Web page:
// Upper Right Diagonal
  for(int i=row-1,j=col+1;i>=0 && j<n ; i--,j++){
    if(board[i][j] == 1){
      return false;
    }
  }

  return true;
}
void nQueenHelper(int n,int row){
  if(row==n){
    // We have reached some solution.
    // Print the board matrix
    // return

    for(int i=0;i<n;i++){
      for(int j=0;j<n;j++){
        cout << board[i][j] << " ";
      }
    }
    cout<<endl;
    return;

  }

  // Place at all possible positions and move to smaller problem
  for(int j=0;j<n;j++){

    if(isPossible(n,row,j)){  // if no attack, proceed
      board[row][j] = 1;      // mark row, column with 1
      nQueenHelper(n,row+1);  // call function to continue 
                              // further
    }
    
     board[row][j] = 0;      // unmark to backtrack
  }
  return;

}
void placeNQueens(int n){

  memset(board,0,8*8*sizeof(int)); // allocate 8*8 memory 
                                     // and initialize all 
                                     // cells with zeroes

  nQueenHelper(n,0);     // call the backtracking function 
                         // and print solutions
}

int main(){
    
    int n;
    cin>>n; // could use a default 8 as well
    
    placeNQueens(n);
    return 0;
}

Output ( for n = 4): 1 indicates placement of queens

 0  0  1  0 
 1  0  0  0 
 0  0  0  1 
 0  1  0  0 

Explanation of the above code solution:

nqueen3

These are two possible solutions from the entire solution set for the 8 queen problem.

main()
{
  call placeNQueens(8),
  
  placeNQueens(){
   
   call nQueenHelper(8,0){  row = 0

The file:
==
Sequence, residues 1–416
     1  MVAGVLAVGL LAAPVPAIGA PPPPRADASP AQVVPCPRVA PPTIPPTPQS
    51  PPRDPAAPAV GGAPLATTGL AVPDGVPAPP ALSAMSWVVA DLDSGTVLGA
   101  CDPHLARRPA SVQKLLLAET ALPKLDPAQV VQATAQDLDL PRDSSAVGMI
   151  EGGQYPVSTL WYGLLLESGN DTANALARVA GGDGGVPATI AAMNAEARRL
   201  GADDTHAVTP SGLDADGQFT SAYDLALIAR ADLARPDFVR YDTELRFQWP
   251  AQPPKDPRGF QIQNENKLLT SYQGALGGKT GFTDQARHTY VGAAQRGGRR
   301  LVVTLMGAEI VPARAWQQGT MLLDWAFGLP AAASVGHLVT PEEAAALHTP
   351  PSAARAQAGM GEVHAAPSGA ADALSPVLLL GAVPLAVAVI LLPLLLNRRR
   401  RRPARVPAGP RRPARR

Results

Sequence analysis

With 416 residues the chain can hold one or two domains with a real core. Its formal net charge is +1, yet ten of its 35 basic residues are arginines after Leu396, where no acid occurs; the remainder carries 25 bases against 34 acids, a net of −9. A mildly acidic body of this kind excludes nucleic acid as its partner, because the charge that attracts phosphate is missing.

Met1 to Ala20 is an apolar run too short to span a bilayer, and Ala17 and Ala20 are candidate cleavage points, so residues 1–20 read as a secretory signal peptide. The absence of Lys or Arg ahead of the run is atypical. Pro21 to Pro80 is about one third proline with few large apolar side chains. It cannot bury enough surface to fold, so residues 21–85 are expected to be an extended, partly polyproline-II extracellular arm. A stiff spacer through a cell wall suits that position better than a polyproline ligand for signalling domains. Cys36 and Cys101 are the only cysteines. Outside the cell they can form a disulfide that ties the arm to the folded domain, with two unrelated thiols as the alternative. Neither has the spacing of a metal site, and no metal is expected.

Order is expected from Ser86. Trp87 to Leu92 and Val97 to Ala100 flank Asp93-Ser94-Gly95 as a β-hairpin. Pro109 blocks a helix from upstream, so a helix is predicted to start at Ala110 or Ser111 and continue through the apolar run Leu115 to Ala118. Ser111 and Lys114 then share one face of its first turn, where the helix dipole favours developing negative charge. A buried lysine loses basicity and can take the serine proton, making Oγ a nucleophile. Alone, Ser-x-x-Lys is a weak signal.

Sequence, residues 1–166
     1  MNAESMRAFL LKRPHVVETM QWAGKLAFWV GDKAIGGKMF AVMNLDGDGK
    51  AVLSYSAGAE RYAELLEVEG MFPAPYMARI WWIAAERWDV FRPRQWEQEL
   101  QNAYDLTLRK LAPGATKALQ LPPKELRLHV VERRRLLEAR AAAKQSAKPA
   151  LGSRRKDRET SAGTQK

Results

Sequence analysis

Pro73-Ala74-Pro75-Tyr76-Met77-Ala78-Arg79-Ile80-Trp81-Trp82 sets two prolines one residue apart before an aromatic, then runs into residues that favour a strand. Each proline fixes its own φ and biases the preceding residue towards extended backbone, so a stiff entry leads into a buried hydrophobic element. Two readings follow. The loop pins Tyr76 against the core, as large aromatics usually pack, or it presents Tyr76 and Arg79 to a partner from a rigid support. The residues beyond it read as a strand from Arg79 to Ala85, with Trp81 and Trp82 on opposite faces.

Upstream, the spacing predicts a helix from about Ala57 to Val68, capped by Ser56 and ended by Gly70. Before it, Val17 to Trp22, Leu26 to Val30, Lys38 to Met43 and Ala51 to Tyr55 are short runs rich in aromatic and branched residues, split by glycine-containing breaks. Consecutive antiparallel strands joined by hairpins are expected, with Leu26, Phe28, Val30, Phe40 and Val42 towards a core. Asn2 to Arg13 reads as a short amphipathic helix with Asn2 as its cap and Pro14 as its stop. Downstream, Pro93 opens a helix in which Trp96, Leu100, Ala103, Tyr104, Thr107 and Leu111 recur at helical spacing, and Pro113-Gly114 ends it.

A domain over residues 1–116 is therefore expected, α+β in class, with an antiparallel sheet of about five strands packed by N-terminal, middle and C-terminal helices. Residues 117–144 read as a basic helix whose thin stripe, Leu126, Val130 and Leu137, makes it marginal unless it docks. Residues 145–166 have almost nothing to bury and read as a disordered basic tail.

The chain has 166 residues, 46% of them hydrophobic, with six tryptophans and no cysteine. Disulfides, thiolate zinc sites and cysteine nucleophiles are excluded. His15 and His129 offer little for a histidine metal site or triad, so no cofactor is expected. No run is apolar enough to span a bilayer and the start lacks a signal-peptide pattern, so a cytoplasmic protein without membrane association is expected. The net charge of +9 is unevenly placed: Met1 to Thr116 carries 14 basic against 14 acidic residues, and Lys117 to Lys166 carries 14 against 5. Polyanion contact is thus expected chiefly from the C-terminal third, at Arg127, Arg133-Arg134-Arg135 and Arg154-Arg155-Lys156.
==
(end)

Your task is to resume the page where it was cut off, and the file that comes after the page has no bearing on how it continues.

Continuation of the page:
if(row==n) // won't execute as 0 != 8
   
   for(int j=0; j<8; j++){
   {
     if(isPossible==true)
     {  board[0][0] = 1  // board[row][0] = 1
       
       call nQueenHelper(8,row+1)  // recur for all rows further
               
       print matrix when row = 8 if solution obtained 
       and (row==n) condition is met
       
       }
        board[0][0] = 0  // backtrack and try for
                        // different configurations
    }
  }
  
  } 
 } 

for example, the following configuration won't be displayed
nqueen4

Time Complexity Analysis

  1. the isPossible method takes O(n) time
  2. for each invocation of loop in nQueenHelper, it runs for O(n) time
  3. the isPossible condition is present in the loop and also calls nQueenHelper which is recursive

adding this up, the recurrence relation is:

T(n) = O(n^2) + n * T(n-1)

solving the above recurrence by iteration or recursion tree,
the time complexity of the nQueen problem is = O(N!)

Question :-

You are given an NxN maze with a rat placed at (0,0). Find and print all the paths that the rat can follow to reach its destination i.e (N-1,N-1). The rat can move in all four directions (left,right,up,down).
Value of every cell will be either 0 or 1. 0 represents a blocked cell, the rat cannot move through it, though 1 is an unblocked cell.
Solve the problem using backtracking algorithm,

Input - an integer N and a binary maze of size NxN, showing blocked and
unblocked cells.
Output - all possible path matrices the rat can travel from (0,0) to (N-1,N-1).